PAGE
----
Paddy fields in the south of Bali are disappearing at an alarming rate to make way for development so it was refreshing to see blankets of rice paddies stretching across the landscape behind our accommodation in Ubud, central Bali.
Every morning we’d look out from the balcony on the roof of our apartment and see a family of ducks waddle past the cattle tied to the fence. We never saw a farmer. If we had, we would have asked permission to wander the fields, but after a few days of no-show we decided to take a chance and go exploring anyway.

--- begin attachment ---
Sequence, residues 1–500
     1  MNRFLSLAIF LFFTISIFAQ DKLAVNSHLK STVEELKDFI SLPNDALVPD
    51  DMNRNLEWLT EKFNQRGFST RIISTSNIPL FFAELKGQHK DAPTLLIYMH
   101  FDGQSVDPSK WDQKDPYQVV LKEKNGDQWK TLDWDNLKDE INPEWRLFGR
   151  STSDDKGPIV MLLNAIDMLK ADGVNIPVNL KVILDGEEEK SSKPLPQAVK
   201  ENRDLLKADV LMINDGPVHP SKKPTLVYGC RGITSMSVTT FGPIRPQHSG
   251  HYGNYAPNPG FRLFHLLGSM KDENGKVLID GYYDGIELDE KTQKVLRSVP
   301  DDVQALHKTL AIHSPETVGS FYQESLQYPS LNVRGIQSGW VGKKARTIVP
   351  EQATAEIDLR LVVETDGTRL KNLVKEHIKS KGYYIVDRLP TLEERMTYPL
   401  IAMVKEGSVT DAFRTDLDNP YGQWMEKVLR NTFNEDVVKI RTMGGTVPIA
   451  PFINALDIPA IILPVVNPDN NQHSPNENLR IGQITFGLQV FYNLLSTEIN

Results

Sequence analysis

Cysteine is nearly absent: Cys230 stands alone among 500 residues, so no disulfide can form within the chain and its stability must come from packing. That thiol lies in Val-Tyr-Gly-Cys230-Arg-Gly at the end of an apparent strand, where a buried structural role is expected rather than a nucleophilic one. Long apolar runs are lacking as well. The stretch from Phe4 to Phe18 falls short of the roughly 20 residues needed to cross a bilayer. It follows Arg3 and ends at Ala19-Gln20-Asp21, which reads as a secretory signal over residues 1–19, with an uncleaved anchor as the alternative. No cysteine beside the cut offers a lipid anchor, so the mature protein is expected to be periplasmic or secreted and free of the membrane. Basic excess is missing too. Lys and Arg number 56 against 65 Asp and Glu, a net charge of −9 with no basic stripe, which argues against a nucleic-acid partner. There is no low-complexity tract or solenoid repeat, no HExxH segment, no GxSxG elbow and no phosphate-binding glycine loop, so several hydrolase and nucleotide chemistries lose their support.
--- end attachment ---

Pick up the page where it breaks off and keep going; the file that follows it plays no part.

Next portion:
The narrow concrete path ran past the back of our accommodation, which we kept to until it turned into a wooded area with fenced-off veggie patches running along its perimeter. The still secured cattle swished flies off their backsides and wet snouts with long tails, while the ducks scurried away as we approached.
Deftly walking along the raised grassy paths between the paddies, the girls sauntered through the fields as if they’d done it a hundred times before while I wondered who was going to be the first one to get wet.
It was of course me, but only by half a foot – quite literally. It could have been worse!
Guided tours are available in many parts of the island, but if you don’t mind going it alone I suggest you veer off the main roads and head into the back fields.
If you’re looking for a more challenging walk, head to Campuhan Ridge Walk – a nine-kilometre nature trail running above the rice terraces in the highlands.